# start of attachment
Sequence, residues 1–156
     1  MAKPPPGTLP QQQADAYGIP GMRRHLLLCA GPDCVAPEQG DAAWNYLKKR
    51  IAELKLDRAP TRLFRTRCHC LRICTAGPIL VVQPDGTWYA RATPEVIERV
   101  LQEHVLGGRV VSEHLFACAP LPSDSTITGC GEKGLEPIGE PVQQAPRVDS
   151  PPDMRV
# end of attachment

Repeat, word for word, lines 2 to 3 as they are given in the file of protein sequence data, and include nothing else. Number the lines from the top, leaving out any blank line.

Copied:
     1  MAKPPPGTLP QQQADAYGIP GMRRHLLLCA GPDCVAPEQG DAAWNYLKKR
    51  IAELKLDRAP TRLFRTRCHC LRICTAGPIL VVQPDGTWYA RATPEVIERV